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May 06, 2011

Caroline Duggan

Author: NYSUT Communications

When music teacher Caroline Duggan started an afterschool Irish Dance program with her Bronx elementary students, it was with one goal in mind. “I wanted to showcase what children can do,” said Duggan, explaining that, far too often, people underestimate what children can achieve — particularly students like hers, who come from economically challenged, inner-city neighborhoods. Duggan is a member of the United Federation of Teachers, NYSUT’s affiliate representing New York City public school teachers. “I want my students to know they have the ability to do anything they put their minds to.”

So far, that drive and determination has led Duggan and her student dance troupe, the Keltic Dreams, to the White House, Ireland and many other venues, including the 2011 NYSUT Representative Assembly. The group also appeared on CBS Evening News with Katie Couric, and was featured in the New York Times. In just a few short years, one talented teacher helped redefine what a rag-tag group of kids from the Bronx could do.

Duggan arrived in the U.S. eight years ago from Dublin, Ireland, as a 23-year-old fledgling educator. After graduating from Trinity College, she applied for a teaching job with the New York City Department of Education following a trip stateside. Intimidated by its depiction in movies, she asked to be placed anywhere but in the Bronx. “I was in tears when I found out where I was assigned,” she said of P.S. 59. “But after they showed me the class I would be teaching and the music room, it seemed like it would be okay.”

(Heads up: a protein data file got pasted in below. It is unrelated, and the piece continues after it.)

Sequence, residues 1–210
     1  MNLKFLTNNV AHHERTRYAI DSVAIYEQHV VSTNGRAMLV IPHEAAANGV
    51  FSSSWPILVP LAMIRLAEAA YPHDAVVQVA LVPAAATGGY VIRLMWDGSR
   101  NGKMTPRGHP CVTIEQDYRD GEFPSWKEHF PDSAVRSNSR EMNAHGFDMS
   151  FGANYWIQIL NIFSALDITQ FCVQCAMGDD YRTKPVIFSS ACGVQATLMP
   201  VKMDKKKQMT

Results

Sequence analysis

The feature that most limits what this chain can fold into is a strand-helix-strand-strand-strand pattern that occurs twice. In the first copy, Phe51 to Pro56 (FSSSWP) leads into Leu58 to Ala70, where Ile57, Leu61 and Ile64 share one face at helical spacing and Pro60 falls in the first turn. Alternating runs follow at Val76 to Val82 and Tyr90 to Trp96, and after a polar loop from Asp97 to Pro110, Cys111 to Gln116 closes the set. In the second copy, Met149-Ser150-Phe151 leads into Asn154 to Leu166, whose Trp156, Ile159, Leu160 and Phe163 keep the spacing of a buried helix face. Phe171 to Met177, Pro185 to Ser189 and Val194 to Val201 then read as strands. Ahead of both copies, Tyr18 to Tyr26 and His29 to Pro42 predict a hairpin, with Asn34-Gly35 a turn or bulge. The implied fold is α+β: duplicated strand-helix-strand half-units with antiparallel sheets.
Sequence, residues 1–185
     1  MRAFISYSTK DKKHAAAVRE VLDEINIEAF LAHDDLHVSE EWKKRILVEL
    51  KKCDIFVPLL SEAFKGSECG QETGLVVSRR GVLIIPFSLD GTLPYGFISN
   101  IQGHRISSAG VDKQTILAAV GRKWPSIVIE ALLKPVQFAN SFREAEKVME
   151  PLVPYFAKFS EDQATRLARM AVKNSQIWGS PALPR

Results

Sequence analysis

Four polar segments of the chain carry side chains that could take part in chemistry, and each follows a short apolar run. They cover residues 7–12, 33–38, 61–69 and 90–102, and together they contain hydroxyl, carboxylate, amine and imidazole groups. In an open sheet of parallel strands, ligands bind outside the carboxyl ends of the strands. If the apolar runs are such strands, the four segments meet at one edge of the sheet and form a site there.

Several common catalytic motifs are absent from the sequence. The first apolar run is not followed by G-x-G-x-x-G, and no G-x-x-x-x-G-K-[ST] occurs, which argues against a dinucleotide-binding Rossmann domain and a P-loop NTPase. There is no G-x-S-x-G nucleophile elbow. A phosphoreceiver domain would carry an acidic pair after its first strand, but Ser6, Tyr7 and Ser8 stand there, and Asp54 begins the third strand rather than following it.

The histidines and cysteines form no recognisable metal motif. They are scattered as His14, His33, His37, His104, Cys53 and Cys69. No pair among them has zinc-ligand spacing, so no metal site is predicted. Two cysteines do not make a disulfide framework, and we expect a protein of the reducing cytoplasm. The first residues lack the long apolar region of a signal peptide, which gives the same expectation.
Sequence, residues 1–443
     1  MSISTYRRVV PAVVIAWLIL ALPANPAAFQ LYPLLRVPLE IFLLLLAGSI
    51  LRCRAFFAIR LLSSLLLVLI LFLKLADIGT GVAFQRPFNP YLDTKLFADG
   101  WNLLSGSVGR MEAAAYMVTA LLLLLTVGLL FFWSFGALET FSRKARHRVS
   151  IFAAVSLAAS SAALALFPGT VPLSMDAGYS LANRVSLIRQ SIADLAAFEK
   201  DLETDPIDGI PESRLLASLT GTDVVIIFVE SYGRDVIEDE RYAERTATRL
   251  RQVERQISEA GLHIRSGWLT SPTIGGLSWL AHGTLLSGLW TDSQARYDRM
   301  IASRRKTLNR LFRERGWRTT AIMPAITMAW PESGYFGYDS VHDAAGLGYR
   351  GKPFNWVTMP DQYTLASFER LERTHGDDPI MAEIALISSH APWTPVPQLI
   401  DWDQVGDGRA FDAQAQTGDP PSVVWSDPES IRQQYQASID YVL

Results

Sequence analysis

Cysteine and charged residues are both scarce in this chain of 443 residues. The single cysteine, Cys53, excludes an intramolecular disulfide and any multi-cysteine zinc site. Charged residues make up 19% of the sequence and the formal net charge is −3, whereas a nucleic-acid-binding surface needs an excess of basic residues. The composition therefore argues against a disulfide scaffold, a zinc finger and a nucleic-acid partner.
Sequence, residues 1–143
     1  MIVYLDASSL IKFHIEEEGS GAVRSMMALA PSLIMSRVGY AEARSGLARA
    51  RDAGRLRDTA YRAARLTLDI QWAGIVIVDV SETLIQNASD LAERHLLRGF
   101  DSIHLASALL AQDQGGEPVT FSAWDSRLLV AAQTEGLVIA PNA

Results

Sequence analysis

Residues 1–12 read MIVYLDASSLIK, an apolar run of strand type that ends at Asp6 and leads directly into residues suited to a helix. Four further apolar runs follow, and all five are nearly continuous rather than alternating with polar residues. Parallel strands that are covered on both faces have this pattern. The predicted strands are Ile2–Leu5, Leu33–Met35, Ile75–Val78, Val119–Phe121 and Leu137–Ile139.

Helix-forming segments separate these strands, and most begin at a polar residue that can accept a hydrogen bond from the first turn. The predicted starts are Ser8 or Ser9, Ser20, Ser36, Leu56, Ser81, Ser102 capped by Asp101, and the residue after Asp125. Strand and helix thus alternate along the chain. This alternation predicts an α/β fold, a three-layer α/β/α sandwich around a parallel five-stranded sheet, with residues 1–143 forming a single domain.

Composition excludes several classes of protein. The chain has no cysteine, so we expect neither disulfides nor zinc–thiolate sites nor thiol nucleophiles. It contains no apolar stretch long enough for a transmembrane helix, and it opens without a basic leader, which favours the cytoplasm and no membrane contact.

Students’ curiosity about “why she talked funny” spurred the creation of the Keltic Dreams. Fascinated by her accent, they wanted to learn more about Ireland. “I showed them a picture of ‘Riverdance’ and a few Irish dance steps,” said Duggan, who noticed that many quickly picked up the moves.

Since choreography is her strength, she started the afterschool program. Today the program features 34 dancers who are selected competitively from the student body. The troupe is a tremendous time commitment.

“It takes hours and hours of extra work to pull the Keltic Dreams together,” said Duggan, explaining that since the team is an afterschool program, she still works full-time as a music teacher for the school’s 460 students. Overseeing the dance troupe often means working literally night and day, between rehearsals, talking with parents and securing performance opportunities for the students.

“My mother is my inspiration,” said Duggan when asked what drives her. “Whenever I said I couldn’t do something, she always said ‘feel the fear, but do it anyways.’”

Duggan hopes a photo of her and the troupe at the White House, with President Obama, will be a similar inspiration for her dancers. “I tell them to look at that photo and realize they did that as a child,” she said. “That photo is proof that nothing is impossible.”